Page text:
Patent counsel should therefore recommend a value-based, quality-quantity strategy that aligns with the business needs. These recommendations are most effective when the counsel has in-depth understanding of the business. In this regard, not only is technical competency in the relevant technology required, but also the ability to understand the product market, sales strategy and company strengths.

Effective patent counsel must develop a portfolio strategy in close collaboration with business stakeholders. Recommendations may be more quality-based or more quantity-based depending on the targeted business segments, products or technologies. Evaluating prospective inventions based on the chosen patent strategy often involves answering certain questions:

  • How does this invention fit into the company’s product or service offerings?
  • Is this invention applicable to products or services other than those designed or intended by the inventor?
  • What benefit does this invention provide to the customer?
  • How will the products or services involving this invention be marketed?
  • Will sales of the products or services embodying the invention justify the cost of patenting and/or associated maintenance fees?

While patent counsel may learn the critical aspects of the products and market from the business stakeholders, patent counsel can also guide the business stakeholders on IP protection. It is advisable to train stakeholders on the basics of patent protection, including how the patent portfolio strategy affects the stakeholders, and the strategic differences between available suggested approaches. To this end, patent counsel can be instrumental in training management, marketing, sales and technical staff on how to leverage patents (and other intellectual property) towards the stakeholders’ own goals. By educating stakeholders, a company can improve compliance with a patent strategy, reduce the number of missed patent opportunities and ultimately reduce risk.

Patent data analytics tools

Patent counsel can leverage patent data analytics tools to gain additional effectiveness and efficiency. Patent data analytics tools are a developing field that can leverage more than 78 million worldwide patent families to identify patterns and trends. Businesses and patent counsel familiar with such tools are more effective and efficient at:

  • using company resources to improve their understanding of portfolios and individual technologies;
  • selecting an appropriate balance between quantity and quality when developing a patent portfolio; and
  • improving both quality and quantity in the patent portfolio.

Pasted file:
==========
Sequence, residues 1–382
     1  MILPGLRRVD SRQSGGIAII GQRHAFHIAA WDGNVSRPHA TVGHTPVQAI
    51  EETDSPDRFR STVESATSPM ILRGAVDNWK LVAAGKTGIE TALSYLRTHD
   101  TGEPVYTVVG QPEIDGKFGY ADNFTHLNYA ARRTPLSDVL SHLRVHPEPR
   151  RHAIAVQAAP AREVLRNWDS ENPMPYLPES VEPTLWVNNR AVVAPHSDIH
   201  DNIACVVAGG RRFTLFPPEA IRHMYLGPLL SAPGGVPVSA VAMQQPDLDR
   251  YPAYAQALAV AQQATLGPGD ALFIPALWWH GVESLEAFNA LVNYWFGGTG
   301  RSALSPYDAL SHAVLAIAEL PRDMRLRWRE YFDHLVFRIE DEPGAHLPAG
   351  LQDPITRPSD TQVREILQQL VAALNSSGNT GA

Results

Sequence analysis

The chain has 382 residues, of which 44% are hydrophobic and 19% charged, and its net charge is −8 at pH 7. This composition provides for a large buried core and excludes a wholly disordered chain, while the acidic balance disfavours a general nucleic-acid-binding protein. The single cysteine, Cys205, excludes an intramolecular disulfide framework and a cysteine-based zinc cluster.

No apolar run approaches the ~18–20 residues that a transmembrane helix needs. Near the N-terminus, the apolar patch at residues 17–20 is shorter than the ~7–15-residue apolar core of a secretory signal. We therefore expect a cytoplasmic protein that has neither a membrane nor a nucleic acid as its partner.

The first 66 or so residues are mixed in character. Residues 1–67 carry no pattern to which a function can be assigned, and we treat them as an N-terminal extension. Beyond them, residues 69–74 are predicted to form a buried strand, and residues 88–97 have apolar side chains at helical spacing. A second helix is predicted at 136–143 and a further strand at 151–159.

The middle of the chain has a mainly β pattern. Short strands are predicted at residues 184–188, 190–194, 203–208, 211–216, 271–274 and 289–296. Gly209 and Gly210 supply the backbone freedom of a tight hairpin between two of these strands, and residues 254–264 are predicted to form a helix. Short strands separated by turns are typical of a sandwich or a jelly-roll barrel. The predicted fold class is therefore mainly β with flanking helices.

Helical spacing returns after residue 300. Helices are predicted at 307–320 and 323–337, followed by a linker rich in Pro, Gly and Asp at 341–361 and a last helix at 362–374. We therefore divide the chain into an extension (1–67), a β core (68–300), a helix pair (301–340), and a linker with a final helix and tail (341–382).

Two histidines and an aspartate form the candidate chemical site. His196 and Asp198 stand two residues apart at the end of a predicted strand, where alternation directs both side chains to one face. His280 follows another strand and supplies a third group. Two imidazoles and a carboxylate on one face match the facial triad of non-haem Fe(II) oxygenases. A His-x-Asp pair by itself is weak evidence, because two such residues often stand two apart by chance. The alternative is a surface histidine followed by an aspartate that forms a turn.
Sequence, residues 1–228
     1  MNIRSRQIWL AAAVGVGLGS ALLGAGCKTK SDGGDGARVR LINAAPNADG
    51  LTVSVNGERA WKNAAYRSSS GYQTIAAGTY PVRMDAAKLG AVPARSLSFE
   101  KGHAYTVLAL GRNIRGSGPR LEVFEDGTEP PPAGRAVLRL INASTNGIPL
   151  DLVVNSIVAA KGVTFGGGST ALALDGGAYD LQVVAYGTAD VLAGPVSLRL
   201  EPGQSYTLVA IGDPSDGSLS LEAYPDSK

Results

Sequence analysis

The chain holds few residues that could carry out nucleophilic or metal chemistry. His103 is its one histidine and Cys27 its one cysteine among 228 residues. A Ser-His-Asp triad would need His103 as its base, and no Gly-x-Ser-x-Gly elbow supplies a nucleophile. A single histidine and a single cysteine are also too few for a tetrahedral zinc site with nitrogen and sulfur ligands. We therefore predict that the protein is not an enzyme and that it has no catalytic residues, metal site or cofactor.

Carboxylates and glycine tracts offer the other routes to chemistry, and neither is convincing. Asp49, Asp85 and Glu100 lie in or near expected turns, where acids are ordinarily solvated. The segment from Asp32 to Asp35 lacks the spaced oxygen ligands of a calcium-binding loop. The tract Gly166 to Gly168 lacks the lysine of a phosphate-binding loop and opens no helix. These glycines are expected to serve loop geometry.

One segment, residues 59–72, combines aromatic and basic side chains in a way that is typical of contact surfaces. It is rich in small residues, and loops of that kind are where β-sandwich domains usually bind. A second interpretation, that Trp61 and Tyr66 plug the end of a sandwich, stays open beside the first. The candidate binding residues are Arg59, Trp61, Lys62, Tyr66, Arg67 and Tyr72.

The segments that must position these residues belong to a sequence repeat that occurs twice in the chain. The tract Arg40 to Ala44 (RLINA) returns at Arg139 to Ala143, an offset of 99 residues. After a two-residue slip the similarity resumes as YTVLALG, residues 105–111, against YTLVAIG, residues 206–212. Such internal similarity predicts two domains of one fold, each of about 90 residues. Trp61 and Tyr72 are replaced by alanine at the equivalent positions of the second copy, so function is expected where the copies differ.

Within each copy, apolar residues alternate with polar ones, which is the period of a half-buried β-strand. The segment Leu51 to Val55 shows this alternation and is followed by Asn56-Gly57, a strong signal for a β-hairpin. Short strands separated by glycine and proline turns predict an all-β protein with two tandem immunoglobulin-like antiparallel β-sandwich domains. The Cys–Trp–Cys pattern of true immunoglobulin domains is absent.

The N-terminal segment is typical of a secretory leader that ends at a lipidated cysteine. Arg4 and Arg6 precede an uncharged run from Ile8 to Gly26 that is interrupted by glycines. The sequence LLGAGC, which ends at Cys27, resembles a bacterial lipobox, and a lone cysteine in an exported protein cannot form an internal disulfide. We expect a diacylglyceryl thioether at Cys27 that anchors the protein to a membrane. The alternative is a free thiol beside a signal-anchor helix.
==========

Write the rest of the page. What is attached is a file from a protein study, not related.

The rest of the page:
Before the emergence of modern patent data analytics tools, information representative of a technology field would typically be available only through resource and labour-intensive processes (ie, performing patent landscape searches and manually evaluating the results for specific criteria). Patent data analytics tools have drastically reduced the time involved for skilled patent counsel to obtain the same (or better) information from a set of search criteria, such as the patent owner, priority date range, technology classification, keywords, jurisdiction or other data metric values.

But even though data analytics tools can significantly assist in efficiently managing patent portfolios, the insights provided by these tools still require that they be evaluated by patent counsel in conjunction with business stakeholders:

  • While data analytic metrics may suggest that a patent or application is of high value, knowledgeable patent counsel may quickly identify quality issues that reduce the actual value of the patent to the owner.
  • An application that is considered of low value according to data analytics metrics may in fact be of high quality due to the patent’s purpose for the owner.

Accordingly, the effective use of patent data analytics tools involves efficient identification of low or high-value patents, with outside counsel and business stakeholders acting as filters for decision making based on these tools.

Early identification and evaluation of a patent landscape

Patent data analytics tools can help identify and map the patent landscape before businesses invest in major development efforts or in a new technology space. For example, patent data analytics tools can provide metrics that indicate the relevance of a patent to a technology field, providing an indicator of the patent’s market value. Other metrics can help identify quality competitive patents and potential blocking patents. Patents identified as high quality may need to be avoided, acquired from the patent owner, improved on or designed around. Significantly, having early knowledge of certain critical patents in the applicable technology fields can substantially reduce risk and conserve significant resources during a company’s own product development.

In addition, patent data analytics tools can identify the significant patent owners in a particular field. Patent owners can be quickly identified as having portfolios of different sizes and strengths based on available metrics (see Figure 1). Patent strength can overcome a lower quantity when it comes to the overall value of a portfolio, as illustrated by the overall strength of the portfolio of Company B (compared with Company A). Nevertheless, both low-quantity, high-metric portfolios and high-quantity, low-metric portfolios should be reviewed during product development for completeness. By using this information, patent counsel can work more efficiently with the business stakeholders on product development strategy.